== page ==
Input to ESRC's activities following the Longitudinal Studies Strategic Review

ESRC commissioned an independent international panel to undertake a review of its longitudinal studies and future scientific needs in this area. The report was published in May this year.

The review reaffirmed the value of ESRC's UK Longitudinal Studies and made recommendations, but the panel was not asked to fully shape them. The key recommendations are:

  • Creation of an administrative data spine from which to sample a new cohort and/or refresh existing samples
  • A new birth cohort with accelerated longitudinal design
  • Continuation of Understanding Society and a 'transition to adulthood' sweep of the Millennium Cohort Study
  • An innovation fund for competitive bids including for the other cohorts 
  • Continuation and further development of a longitudinal resource centre (currently CLOSER)

ESRC is now working to shape its strategy and priorities for data for research, including longitudinal survey data and other types of data, using – but not limited to – the review recommendations. We hope to engage with the international longitudinal methodology community broadly to gather expert evidence-based input in key areas and invite other suggestions, to help inform the development of our future strategy.

Opportunities to provide input and share your expertise

We are running two discussion sessions as well as a stand at the Methodology of Longitudinal Surveys II (MOLS2) conference:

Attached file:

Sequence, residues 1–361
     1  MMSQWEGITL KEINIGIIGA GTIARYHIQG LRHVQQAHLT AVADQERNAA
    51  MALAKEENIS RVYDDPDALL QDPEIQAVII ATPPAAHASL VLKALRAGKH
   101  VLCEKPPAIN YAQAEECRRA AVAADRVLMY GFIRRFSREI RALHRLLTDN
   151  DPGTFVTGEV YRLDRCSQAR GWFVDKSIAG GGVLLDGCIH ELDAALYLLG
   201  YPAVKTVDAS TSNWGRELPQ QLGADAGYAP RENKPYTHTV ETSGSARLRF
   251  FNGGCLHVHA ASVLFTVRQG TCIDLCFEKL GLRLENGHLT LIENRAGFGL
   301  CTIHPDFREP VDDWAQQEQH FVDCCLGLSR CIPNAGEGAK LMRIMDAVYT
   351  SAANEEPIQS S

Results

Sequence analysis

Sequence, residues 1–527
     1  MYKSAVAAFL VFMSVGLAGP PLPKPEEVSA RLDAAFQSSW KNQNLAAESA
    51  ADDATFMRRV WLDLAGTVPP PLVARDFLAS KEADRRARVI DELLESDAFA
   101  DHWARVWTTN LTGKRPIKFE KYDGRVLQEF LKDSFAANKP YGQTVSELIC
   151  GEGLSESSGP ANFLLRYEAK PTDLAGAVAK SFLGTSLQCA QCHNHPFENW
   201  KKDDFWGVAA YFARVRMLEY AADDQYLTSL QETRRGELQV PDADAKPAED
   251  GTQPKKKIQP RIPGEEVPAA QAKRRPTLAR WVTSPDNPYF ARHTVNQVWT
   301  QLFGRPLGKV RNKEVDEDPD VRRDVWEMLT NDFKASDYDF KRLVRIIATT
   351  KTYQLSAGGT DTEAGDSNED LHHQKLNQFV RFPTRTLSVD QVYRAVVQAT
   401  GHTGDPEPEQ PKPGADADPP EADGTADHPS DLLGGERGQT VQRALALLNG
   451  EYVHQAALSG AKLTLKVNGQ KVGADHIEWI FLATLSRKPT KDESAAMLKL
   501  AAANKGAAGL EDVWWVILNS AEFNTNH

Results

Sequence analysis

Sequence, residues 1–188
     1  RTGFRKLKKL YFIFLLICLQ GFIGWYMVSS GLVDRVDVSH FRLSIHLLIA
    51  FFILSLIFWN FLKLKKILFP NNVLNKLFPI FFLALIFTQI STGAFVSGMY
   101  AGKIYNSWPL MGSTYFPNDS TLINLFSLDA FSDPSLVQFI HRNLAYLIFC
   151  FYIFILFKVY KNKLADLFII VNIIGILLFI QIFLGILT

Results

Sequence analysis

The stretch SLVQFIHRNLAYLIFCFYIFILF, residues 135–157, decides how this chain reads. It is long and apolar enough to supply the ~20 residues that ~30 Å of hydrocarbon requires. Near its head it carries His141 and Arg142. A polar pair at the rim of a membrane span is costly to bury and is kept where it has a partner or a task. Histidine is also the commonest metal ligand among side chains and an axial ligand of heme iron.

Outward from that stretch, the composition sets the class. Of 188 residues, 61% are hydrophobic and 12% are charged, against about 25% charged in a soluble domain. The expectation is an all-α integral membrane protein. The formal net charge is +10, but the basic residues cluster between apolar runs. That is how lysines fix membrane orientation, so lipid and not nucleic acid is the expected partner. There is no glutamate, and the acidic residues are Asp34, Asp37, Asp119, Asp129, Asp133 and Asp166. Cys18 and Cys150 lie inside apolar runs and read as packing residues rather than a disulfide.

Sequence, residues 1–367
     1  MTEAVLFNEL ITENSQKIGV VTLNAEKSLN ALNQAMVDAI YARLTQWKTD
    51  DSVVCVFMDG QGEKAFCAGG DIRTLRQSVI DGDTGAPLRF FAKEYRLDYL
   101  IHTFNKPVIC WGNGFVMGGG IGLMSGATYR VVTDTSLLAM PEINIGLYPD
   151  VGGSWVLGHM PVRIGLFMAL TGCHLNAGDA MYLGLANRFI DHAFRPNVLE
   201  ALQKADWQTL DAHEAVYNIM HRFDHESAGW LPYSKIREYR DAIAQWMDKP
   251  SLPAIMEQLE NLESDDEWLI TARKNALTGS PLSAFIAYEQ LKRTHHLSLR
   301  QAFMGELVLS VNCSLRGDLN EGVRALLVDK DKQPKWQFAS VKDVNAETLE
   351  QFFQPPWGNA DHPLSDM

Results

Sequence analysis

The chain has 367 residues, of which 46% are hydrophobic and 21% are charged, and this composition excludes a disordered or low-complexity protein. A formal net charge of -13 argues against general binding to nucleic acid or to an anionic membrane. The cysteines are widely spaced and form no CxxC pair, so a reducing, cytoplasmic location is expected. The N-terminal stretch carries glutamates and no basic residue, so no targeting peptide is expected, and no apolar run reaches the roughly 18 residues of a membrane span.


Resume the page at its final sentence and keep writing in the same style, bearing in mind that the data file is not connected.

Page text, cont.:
• 25 July 2018 17:25-18:25
    ESRC Consultation Session I – plenary session
  • 27 July 2018 11:00-12:15
    ESRC Consultation Session II – parallel session

Key areas for input

  • Opportunities for innovation in the existing cohorts and Understanding Society 
  • Issues and opportunities in the design of a new birth cohort with accelerated design
  • Opportunities and issues in the development of an administrative data spine
  • What do we need to know soon to help us move forward/priorities for development activities including evidence syntheses, tests/pilots/experiments, and consultancies

Issues for consideration

  • Continuity and consistency versus innovation in existing longitudinal studies – what are the best opportunities and how to use them?
  • Representativeness: who is in the studies, who is not, how to include hard-to-reach groups of interest, in both existing and new studies? How could an administrative data spine help? 

Key questions

Innovation in the existing and new studies

  • What are key areas where there is a need to synthesise existing evidence?
  • What are key areas where piloting or testing is needed to gain new information?
  • How could the population coverage in the existing studies of key groups of scientific and policy interest be increased?
  • What new approaches and technologies could be used in the existing studies to collect new forms of data or to collect data differently, including the demands on respondents, the costs, the time to usable data?
  • What is needed to enable management and analysis of more different types of data?

A new birth cohort potentially with accelerated design

  • Should this start in pregnancy or after birth?
  • What are the pros and cons of using an accelerated design? What are other alternatives?
  • If an accelerated design was used, what age groups should be included?
  • What should the sampling design look like? Where might over-sampling be used?
  • How could recruitment, retention and representation be maximised?
  • What measures should the study contain?

An administrative data spine

  • What ideally would this look like and what data would it contain?
  • How could a data spine best be used for new and existing studies? What would be the main benefits?